Advertisement

Southeast Fort Worth neighborhood fends off another proposed industrial project

After a tense meeting with Echo Heights residents Saturday afternoon, a Dallas-based developer appeared ready to shelve plans to clear chunks of agricultural land for industrial and residential use in the neighborhood.

The weeks of back and forth on the proposal were the latest chapter in a yearslong grassroots effort to resist further industrialization across southeast Fort Worth.

“Our intent is not to move forward with anything unless we find a compromise that the Echo Heights neighborhood and everyone else is on board with,” Robert Dye, the managing member of Woodhaven Partners, told the seven neighbors gathered in the meeting room of Eugene McCray Community Center as he began his presentation. “If we can’t get there, then we’ll move on.”

Dye displayed a diagram of the proposed development on a pull-down screen draped in the front of the room. The property straddled both sides of Parker Henderson Road at its intersection with David Strickland Road. The western half, situated beneath some gas wells, featured homes — cottage style, build-to-rent, Dye explained.

The eastern half was dominated by a massive warehouse encircled by roads and parking spaces; undergirding the industrial space were two rows of single family residences. Just across David Strickland Road sits WM Green Elementary School. Dye also proposed extending Village Creek Road to link with the property’s eastern edge, a plan intended to divert semitrucks entering and exiting the property along less populated roads.

The revised blueprint, Dye said, tried to accommodate some of the concerns voiced by residents during a discussion several weeks earlier, namely high-density residences, truck traffic, and the would-be warehouse’s proximity to the school. Dye’s original scheme, as he described it, included more crowded residential spaces and no homes buffering the school from industrial activity. (The Star-Telegram was not provided with a copy of the original plan.)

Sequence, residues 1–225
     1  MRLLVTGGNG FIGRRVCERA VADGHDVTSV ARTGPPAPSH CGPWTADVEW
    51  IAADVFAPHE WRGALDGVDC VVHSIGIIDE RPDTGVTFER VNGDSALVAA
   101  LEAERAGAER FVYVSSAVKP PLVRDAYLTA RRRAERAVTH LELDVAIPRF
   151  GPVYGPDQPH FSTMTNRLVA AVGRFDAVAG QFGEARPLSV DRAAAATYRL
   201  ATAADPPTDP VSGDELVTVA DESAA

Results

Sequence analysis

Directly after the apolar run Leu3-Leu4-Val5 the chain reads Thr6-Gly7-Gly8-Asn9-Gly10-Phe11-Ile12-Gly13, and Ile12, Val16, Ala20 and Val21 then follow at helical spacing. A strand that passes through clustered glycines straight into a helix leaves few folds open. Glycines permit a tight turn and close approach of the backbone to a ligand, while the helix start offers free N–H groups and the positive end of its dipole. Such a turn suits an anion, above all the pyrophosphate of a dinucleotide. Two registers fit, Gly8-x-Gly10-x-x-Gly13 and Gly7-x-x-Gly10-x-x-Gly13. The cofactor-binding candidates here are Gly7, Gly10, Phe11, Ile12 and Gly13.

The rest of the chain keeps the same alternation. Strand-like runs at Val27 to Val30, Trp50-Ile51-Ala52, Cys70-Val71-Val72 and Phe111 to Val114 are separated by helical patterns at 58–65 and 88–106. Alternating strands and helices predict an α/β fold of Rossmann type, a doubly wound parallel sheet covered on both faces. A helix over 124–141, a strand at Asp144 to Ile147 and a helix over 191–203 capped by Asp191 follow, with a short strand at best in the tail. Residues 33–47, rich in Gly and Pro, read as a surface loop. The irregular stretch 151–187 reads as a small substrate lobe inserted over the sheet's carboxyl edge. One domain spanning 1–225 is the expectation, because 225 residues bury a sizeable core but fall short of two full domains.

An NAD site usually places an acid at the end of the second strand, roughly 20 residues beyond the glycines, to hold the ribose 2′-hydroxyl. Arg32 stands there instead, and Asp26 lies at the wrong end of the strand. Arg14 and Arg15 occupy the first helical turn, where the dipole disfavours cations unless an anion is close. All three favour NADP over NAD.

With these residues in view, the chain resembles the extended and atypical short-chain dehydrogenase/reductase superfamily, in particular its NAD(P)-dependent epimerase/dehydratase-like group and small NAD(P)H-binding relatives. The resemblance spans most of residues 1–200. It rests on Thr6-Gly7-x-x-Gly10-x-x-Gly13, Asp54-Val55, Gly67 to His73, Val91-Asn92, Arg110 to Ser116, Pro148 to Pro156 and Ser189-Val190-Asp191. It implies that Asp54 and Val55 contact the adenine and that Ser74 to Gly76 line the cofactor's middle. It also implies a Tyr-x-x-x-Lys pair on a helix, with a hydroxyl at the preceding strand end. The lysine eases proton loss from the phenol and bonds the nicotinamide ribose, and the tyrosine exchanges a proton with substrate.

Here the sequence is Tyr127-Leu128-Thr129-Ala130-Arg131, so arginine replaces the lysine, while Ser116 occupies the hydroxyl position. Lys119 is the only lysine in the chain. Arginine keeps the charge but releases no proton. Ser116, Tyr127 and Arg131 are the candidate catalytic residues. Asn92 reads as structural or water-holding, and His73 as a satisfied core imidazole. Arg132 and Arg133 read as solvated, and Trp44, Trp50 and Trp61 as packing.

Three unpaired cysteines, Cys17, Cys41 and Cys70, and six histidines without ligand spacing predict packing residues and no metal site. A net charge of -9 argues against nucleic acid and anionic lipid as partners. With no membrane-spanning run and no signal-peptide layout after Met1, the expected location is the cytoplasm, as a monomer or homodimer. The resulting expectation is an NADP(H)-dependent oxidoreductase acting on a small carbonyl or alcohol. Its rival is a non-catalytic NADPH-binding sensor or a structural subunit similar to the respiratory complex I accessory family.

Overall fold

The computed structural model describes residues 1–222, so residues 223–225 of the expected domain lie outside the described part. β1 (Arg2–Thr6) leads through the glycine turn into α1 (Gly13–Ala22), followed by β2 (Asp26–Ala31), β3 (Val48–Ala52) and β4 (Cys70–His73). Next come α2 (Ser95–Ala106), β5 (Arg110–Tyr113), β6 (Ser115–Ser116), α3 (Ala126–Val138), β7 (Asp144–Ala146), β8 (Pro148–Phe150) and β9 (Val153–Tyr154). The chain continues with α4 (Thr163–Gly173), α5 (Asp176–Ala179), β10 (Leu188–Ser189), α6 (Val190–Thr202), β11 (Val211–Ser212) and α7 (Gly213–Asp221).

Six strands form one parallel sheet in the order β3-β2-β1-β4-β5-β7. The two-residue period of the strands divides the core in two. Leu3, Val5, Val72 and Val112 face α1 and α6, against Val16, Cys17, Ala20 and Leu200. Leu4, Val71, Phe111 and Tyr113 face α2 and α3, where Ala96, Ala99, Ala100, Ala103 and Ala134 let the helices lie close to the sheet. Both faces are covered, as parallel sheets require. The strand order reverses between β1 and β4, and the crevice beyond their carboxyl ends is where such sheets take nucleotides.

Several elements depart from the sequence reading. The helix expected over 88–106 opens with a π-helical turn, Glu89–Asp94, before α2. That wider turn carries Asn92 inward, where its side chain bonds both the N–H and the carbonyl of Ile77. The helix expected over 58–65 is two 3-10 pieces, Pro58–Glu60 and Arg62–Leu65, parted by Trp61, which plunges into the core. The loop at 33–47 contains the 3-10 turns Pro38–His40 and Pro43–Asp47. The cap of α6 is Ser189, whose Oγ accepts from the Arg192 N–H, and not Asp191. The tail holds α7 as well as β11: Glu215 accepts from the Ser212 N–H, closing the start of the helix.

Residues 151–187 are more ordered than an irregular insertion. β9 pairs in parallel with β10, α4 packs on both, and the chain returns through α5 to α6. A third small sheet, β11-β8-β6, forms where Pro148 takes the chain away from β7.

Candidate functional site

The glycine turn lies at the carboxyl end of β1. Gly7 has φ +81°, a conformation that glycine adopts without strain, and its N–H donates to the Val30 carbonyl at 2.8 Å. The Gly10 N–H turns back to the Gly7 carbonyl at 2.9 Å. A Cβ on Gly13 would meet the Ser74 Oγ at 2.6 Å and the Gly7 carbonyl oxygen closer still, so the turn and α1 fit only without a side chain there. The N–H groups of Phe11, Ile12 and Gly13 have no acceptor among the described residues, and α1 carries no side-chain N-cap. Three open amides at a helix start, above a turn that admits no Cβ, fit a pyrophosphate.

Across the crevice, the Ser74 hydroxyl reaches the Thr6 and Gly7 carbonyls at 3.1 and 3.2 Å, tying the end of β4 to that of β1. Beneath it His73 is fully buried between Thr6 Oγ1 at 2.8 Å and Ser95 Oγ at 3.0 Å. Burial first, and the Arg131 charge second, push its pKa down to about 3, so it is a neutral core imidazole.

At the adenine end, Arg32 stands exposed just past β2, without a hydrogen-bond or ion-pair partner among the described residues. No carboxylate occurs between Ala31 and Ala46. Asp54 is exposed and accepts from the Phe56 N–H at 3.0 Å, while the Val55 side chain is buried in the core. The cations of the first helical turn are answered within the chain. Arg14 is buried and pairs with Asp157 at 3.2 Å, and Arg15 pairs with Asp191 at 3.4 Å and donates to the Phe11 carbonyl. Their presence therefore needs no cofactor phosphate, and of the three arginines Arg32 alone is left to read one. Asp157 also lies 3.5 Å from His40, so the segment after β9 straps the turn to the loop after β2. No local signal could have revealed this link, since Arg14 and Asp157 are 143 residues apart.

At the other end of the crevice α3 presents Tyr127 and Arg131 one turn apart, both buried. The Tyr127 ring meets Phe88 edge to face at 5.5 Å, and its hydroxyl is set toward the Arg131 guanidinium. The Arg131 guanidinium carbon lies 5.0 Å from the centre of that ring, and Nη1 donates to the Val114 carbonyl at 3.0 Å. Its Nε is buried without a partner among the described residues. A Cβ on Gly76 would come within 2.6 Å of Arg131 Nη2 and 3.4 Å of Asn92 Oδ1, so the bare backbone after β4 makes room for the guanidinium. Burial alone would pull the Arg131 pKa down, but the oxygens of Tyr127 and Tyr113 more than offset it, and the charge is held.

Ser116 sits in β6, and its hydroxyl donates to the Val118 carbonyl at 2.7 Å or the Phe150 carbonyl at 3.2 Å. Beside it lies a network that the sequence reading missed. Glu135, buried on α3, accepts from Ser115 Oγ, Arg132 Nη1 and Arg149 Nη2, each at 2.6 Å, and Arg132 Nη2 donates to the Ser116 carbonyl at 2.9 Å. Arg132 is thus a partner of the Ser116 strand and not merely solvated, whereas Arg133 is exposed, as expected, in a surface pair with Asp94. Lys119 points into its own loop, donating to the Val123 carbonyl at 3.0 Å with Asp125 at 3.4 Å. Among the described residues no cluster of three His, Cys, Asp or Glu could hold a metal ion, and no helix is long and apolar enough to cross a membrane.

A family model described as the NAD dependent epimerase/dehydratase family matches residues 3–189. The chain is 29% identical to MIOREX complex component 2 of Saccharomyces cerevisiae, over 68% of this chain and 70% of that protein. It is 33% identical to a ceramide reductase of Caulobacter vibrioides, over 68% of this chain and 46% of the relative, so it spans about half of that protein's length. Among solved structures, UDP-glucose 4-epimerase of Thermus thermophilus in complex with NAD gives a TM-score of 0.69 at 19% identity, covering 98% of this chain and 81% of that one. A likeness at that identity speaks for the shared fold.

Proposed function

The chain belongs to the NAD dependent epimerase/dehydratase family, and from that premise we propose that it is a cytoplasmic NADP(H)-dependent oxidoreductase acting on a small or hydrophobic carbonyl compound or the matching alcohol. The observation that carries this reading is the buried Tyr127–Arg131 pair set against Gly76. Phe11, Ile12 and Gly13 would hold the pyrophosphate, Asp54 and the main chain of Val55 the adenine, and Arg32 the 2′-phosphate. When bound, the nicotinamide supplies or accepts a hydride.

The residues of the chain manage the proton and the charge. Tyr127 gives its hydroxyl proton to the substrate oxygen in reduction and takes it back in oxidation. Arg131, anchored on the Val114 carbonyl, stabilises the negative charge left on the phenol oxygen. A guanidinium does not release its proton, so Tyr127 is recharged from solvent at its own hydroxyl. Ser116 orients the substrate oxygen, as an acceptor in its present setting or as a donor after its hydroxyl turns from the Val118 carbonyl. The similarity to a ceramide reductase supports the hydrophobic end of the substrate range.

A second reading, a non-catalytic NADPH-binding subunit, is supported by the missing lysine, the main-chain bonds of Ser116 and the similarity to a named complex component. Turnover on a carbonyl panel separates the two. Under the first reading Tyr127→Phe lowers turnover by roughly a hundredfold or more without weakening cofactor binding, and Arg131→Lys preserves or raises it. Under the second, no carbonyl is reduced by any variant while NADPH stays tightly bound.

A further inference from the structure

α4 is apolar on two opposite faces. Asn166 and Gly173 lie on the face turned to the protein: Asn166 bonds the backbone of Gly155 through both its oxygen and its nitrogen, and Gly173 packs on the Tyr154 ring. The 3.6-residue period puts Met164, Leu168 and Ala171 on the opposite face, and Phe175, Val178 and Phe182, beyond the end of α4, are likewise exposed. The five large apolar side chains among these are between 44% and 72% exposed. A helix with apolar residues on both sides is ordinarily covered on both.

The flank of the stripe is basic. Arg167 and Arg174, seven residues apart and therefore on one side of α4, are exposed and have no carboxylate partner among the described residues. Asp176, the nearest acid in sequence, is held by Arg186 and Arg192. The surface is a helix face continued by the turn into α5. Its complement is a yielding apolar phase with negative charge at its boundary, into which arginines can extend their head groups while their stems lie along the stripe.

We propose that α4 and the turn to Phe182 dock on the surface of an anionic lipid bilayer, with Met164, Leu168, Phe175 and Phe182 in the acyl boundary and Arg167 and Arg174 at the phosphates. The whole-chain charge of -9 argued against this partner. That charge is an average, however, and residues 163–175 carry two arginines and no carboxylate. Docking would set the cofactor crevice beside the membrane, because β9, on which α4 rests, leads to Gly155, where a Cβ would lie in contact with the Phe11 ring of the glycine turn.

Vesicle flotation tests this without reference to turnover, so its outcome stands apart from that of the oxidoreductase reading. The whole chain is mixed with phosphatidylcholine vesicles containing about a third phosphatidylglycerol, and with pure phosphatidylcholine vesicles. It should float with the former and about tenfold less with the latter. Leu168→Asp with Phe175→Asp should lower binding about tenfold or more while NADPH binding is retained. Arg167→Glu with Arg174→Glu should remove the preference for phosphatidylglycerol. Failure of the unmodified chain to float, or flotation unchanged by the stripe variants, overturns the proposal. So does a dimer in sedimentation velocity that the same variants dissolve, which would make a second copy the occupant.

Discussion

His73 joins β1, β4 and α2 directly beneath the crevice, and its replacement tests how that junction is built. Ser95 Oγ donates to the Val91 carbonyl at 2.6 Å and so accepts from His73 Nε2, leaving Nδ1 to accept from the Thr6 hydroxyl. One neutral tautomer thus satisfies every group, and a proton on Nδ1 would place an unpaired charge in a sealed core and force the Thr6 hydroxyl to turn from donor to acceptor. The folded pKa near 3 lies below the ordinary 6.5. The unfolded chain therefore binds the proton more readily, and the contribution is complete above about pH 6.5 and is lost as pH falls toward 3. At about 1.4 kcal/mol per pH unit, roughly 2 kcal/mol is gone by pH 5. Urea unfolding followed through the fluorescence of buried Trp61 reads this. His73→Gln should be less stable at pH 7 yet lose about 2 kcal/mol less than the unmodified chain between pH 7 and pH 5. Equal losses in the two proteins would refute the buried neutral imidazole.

The pushback to the tweaks was immediate.

“It’s not the homes we have a problem with, it’s the industrialization,” one resident commented.

Letitia Wilbourn, a founding member of the Echo Heights and Stop Six Environmental Coalition, went further.

“Echo Heights does not want, nor does it need another warehouse,” she said. “That is way too close to the elementary school.”

Wilbourn’s organization vehemently lobbied against another developer’s efforts to rezone the same land from agricultural to industrial use in 2022. The group feared the vehicles and fumes from a prospective plant would endanger surrounding communities; the area’s rapid industrialization has, they claimed, already taken its toll on the health of residents. The coalition and other regional environmental activists met separately with Dye Feb. 22 to express their disapproval of his efforts.

As Wilbourn finished sounding off her objections at the Saturday meeting, Lucretia Powell, the president of the Echo Heights Neighborhood Association, interjected.

“I will not put the industrial sites in Echo Heights as the No. 1 cause for the health issues that one individual or several individuals are affected by in the community,” she said. (Powell described Dye’s proposal as “good” after the meeting; “I have no issues with the warehouse,” she said.)

Soon, emotions flared.

“We know and understand that we don’t have to have a hospital or doctor tell us about how it smells and our environment,” said Antonio “Twin” Harris, another member of the environmental coalition.

He turned to one of his neighbors. “How many people you know got jobs back through here, man?” he asked, referring to the warehouses and manufacturers sprawled across the neighborhood.

“None,” the man replied quietly.

“Not one!” Harris repeated, slamming a nearby table.

Robert Hall, a pastor also in attendance, shared Harris’ concerns about the few economic opportunities presented to locals by advancing corporations, though in quieter tones.

“What can we do for the generations that are coming up?” he reflected, crediting Dye for communicating with residents instead of circumventing them, as other developers have.

Hall asked Dye what guaranteed benefits the industrial development could offer the community; Dye promised few, stating that Woodhaven would have little leverage over the companies that used its land.

When the dust settled, the developer seemed ready to ditch the plan altogether. Dye said he hadn’t yet bought the land, let alone apply for rezoning.

“It’s probably a no-go,” he said. “I can understand their sentiments.”

Just before the attendees dispersed, an 86-year-old resident offered closing remarks.

“What’s going to come is going to come,” she mused. “Let God work it out.”